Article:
• Join over 1.2 million students every month
  • Accelerate your learning by 29%
  • Unlimited access from just £6.99 per month

What influence does Jane Eyre's harsh Victorian upbringing have on her character and development?

Extracts from this document...

Introduction

What influence does Jane Eyre's harsh Victorian upbringing have on her character and development? Jane's early life experiences have a lasting effect on her developing personality and beliefs. Charlotte Bront� first introduces Jane as a vulnerable ten year old, orphaned girl who is pushed around and disrespected. This changes drastically during the course of the novel and ends with Jane being a happy, independent and respected woman. Jane Eyre is an autobiographical novel thought to reflect Charlotte Bront�'s life, written by an adult but from a child's perspective. As Jane is an orphan she lives with her aunt and cousins at Gateshead where she is treated as an inferior and unloved child. The readers learn that Jane is an intelligent young girl and enjoys reading as she spends most of her time alone sitting in a window seat with a book. Her older cousin John Reed physically abuses her, "He bullied and punished me; not two or three times in a week, nor once or twice in a day, but continually: every nerve I had feared him." Jane was ill-treated in the Gateshead household, not just physically by John Reed but emotionally and mentally too, she was not known as one of the family even though she was related; she was not even thought of as a servant, she was less than that, "you are less than a servant, for you do nothing for your keep." ...read more.

Middle

"A bed supported on massive pillars of mahogany, hung with curtains of deep red damask" The use of mahogany and deep red adds to the dark feel of the room, making it seem more daunting in the eyes of a ten year old girl. The use of red and crimsons add to the chilling feel, making it look like everything is blood covered. "two large windows, with their blinds always drawn down" gives the impression that they do not want people seeing in to the room or there is something in there that should be kept in there and people should not know or experience it. Unluckily for Jane, she was locked in the room with whatever was being shut away from the rest of the world. The red-room was rarely entered, "The housemaid alone came here on Saturdays......and Mrs Reed ...at far intervals, visited it to review the contents of a certain drawer... where were stored ...her jewel casket, and a miniature of her deceased husband" The room was filled with death, caskets and blood coloured walls. "in those last words lies the secret of the red-room - the spell which kept it so lonely in spite of its grandeur" This gives the impression that the red-room is in some way magical or haunted in some way. "Mr Reed had been dead nine years: it was in this chamber that he breathed his last......since that day, a sense of dreary consecration ...read more.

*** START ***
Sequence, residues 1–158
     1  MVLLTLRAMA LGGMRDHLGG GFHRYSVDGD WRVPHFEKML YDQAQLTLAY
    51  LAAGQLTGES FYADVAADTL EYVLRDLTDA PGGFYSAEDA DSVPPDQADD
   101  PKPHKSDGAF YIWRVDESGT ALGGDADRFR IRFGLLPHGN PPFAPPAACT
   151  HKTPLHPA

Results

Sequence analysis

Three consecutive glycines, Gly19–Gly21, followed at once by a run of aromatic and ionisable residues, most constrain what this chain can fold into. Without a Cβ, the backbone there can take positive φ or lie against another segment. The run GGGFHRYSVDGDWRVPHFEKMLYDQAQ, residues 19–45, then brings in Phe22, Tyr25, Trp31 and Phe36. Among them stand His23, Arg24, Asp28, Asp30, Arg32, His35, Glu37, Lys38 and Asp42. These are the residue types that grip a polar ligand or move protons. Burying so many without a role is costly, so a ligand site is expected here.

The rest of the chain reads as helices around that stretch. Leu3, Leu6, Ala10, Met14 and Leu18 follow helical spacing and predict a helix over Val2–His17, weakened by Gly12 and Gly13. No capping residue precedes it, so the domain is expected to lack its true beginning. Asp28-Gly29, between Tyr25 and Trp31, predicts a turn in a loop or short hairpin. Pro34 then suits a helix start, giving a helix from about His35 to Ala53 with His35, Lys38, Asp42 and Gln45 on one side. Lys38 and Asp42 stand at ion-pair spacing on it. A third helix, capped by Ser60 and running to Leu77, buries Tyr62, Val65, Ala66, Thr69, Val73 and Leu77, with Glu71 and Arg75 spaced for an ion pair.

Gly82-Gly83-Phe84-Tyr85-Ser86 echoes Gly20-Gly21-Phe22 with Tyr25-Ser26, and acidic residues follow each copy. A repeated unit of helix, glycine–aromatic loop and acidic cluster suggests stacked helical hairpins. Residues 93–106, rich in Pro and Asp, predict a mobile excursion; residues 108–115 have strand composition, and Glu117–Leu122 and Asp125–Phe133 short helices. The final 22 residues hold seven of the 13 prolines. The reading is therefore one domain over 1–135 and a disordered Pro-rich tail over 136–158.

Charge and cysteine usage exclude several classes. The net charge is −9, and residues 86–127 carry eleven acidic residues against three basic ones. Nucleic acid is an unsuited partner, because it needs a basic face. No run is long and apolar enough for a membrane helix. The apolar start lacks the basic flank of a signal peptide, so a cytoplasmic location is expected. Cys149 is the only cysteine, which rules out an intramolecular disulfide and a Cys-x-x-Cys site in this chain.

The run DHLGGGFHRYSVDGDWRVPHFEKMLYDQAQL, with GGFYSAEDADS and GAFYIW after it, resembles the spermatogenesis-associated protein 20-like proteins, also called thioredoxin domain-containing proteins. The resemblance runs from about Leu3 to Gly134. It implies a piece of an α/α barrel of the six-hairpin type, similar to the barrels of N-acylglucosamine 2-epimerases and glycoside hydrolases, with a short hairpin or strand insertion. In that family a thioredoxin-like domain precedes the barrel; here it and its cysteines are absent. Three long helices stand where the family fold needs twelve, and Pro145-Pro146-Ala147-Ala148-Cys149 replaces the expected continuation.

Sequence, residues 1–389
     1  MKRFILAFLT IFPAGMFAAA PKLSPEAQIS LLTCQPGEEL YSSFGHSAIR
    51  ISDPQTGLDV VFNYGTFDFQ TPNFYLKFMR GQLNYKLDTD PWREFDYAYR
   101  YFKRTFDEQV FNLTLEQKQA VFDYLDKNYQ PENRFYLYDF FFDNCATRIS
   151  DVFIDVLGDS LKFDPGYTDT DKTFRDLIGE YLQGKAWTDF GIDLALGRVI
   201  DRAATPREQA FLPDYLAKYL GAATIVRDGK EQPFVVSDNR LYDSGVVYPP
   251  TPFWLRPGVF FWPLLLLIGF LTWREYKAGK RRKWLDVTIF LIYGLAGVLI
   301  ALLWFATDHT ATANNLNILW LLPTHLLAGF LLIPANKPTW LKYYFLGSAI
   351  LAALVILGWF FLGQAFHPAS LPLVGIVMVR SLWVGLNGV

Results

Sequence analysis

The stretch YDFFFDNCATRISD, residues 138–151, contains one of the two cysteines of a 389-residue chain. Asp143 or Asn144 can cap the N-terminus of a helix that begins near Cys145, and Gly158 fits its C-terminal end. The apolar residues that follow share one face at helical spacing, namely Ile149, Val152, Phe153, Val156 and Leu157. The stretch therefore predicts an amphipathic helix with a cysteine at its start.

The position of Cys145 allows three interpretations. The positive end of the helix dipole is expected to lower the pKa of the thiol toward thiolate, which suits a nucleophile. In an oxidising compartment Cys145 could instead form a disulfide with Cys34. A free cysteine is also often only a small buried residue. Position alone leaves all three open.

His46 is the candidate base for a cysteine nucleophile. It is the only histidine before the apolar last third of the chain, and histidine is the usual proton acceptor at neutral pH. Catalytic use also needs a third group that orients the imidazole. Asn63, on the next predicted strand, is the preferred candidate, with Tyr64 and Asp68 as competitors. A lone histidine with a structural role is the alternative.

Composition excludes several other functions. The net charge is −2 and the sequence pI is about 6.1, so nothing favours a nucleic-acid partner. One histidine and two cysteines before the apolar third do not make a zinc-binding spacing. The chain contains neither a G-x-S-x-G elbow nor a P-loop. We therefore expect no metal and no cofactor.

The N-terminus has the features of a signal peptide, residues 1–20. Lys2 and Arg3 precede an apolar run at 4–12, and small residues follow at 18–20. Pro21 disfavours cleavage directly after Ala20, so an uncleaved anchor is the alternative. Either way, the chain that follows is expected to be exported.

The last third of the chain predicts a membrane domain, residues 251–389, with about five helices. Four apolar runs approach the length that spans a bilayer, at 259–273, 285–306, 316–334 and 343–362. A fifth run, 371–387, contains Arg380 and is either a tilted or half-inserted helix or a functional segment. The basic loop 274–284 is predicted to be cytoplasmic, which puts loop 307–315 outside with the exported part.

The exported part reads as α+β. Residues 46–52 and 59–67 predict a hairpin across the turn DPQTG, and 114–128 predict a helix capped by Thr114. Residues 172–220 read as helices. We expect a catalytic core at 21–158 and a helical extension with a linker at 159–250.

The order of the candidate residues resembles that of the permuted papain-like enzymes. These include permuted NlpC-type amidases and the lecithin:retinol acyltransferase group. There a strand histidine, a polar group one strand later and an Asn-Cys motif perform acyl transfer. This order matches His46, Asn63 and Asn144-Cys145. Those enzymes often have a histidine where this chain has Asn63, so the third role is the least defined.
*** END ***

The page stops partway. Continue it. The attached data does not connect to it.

Conclusion

Jayne's views on marriage are extremely clear in the novel, later in the book when she meets St John Rivers he also proposes to her but she declines as she will only marries for love and nothing else. Religion is also a major theme in the novel, Mr Brocklehurst, Helen Burns and St John Rivers all have separate, very different religious views. Mr Brocklehurst has a hypocritical view of religion and uses it to suit him when he wants to; Helen Burns has an extreme faith and wishes to be in heaven, "God waits only the separation of spirit from flesh to crown us with a full reward" St John Rivers also has an extreme faith but Jayne learns from these people and develops a tempered, true faith that is respected. Charlotte Bront� uses "Jayne Eyre" as an autobiographical book and makes Jayne the heroine, reflecting her life and her struggle to be a grown, respected woman. According to her family and Lowood, she was "destined for the workhouse" but she proved them all wrong and became an independent, loved, happy woman with a respectable home and family. She even went against the standard way of life of that time period, few women had financial independence, most lived off their husband's wages while keeping a good home for their family, Jayne still kept a good home filled with love and respect but she also gained what she had always wanted, happiness and independence. Jessie Furlong 10L Cand Number: 1058 Centre Number: 61211 1 ...read more.